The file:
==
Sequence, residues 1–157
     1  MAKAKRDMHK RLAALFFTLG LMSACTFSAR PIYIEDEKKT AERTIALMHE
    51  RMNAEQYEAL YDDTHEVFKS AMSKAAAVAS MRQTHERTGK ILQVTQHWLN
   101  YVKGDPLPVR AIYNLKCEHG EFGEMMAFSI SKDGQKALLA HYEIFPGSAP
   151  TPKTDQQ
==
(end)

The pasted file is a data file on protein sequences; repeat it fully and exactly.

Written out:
Sequence, residues 1–157
     1  MAKAKRDMHK RLAALFFTLG LMSACTFSAR PIYIEDEKKT AERTIALMHE
    51  RMNAEQYEAL YDDTHEVFKS AMSKAAAVAS MRQTHERTGK ILQVTQHWLN
   101  YVKGDPLPVR AIYNLKCEHG EFGEMMAFSI SKDGQKALLA HYEIFPGSAP
   151  TPKTDQQ